Lecture 9, 6/17

Technology and Agriculture
The ILO estimates that one third of the world population works in agriculture. Today we take a broad look at how and where technology fits in agriculture and at some of the efforts that have been carried out to improve both yield and working conditions, as well as market and information access for farmers. We begin with a historical case: the Green Revolution in India, and we look at its short- and long-term consequences. In the second part of the lecture, we look at ‘thinking small’ versus ‘thinking big’ in agriculture, and at how mobile phones can be used to help small-hold farmers.

Required readings
– Parayil, G. “The Green Revolution in India: A Case Study of Technological Change.” Technology and Culture, Vol. 33 (1992), p. 737–756.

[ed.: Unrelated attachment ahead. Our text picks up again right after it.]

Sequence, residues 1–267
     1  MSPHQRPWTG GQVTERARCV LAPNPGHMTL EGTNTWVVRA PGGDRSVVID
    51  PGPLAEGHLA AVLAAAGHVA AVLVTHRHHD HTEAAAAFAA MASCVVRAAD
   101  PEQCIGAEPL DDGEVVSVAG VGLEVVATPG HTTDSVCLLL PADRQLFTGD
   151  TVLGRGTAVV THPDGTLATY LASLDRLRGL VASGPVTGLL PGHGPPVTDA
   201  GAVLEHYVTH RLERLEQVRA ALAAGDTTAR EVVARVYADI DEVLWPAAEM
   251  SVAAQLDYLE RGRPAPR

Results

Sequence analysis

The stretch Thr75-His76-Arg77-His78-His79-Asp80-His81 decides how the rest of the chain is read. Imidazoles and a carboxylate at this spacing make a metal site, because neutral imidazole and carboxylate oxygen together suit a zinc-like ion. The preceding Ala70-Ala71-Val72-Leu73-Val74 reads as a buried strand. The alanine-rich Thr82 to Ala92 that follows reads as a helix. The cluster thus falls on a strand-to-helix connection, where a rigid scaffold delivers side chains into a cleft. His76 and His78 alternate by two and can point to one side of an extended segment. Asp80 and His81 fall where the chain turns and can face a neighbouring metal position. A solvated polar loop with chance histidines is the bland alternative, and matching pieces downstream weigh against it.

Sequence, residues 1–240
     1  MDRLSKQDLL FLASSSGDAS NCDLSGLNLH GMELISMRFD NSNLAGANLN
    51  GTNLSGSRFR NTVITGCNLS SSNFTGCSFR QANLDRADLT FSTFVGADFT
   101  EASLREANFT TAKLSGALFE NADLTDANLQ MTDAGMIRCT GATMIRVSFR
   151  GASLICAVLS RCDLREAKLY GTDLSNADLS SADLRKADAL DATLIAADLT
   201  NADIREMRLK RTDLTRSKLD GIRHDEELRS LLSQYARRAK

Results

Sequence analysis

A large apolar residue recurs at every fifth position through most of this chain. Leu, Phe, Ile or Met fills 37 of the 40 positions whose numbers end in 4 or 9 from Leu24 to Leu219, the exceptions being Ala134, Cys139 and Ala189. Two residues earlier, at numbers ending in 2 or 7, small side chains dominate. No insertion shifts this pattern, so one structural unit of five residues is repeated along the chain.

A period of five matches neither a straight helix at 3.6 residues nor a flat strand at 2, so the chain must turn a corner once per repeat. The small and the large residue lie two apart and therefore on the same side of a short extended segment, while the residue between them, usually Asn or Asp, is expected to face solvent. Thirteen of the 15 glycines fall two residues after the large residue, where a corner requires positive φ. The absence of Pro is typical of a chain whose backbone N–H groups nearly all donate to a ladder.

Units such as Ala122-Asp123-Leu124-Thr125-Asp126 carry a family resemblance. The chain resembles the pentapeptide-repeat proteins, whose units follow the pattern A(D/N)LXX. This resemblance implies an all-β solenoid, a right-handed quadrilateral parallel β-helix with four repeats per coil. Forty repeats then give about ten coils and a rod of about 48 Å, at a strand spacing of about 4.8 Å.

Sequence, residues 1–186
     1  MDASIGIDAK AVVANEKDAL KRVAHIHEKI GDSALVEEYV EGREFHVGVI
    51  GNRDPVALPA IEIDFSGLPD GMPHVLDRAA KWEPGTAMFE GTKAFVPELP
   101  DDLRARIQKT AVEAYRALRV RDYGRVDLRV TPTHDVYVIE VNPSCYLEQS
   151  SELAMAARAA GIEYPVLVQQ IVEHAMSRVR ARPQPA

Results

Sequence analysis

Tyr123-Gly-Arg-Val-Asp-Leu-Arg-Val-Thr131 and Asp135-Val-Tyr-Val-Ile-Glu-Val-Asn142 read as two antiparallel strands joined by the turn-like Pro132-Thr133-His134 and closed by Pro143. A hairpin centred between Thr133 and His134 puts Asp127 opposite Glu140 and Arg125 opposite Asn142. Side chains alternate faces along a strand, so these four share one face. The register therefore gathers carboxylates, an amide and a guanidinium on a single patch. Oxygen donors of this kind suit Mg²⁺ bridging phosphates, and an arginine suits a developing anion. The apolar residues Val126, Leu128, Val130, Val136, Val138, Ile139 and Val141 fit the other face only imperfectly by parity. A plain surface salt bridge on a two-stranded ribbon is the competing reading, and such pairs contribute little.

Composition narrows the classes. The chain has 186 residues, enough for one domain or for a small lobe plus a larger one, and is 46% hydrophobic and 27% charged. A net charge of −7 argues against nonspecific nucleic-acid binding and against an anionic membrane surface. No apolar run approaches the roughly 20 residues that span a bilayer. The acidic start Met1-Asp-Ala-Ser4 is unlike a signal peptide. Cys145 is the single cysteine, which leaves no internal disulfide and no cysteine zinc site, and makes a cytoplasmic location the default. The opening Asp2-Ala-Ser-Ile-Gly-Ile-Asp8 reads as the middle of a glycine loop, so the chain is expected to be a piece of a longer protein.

– Shiva, V. 1991. “The Green Revolution in Punjab.” The Ecologist, Vol. 21, No. 2.
– Jenny C. Aker, “Dial A for Agriculture: A Review of Information and Communication Technologies for Agricultural Extension in Developing Countries

Background readings
– NYTimes Articles – Farmer Suicides in Karnataka, India

Jensen, Robert. 2007. “The Digital Provide: Information (Technology), Market Performance, and Welfare in the South Indian Fisheries Sector.” The Quarterly Journal of Economics 122 (3): 879–924.

Burrell, J. & Oreglia, E. “The Myth of Market Price Information” (working paper)

Other resources
– resources on ICT and farming/market activities: Beyond Market Prices: Mobile Phones in Trade and Livelihood Activities in Ghana, Uganda, India, China